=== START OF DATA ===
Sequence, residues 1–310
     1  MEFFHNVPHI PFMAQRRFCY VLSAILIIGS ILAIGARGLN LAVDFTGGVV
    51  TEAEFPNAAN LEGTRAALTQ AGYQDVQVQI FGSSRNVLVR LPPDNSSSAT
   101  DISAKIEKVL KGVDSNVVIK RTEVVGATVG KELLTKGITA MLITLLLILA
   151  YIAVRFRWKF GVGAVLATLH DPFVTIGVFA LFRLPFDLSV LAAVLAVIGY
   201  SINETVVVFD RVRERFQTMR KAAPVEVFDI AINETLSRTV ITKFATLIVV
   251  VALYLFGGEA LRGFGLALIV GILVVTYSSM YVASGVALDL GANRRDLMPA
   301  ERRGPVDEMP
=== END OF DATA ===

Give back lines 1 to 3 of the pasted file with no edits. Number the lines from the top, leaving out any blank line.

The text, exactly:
Sequence, residues 1–310
     1  MEFFHNVPHI PFMAQRRFCY VLSAILIIGS ILAIGARGLN LAVDFTGGVV
    51  TEAEFPNAAN LEGTRAALTQ AGYQDVQVQI FGSSRNVLVR LPPDNSSSAT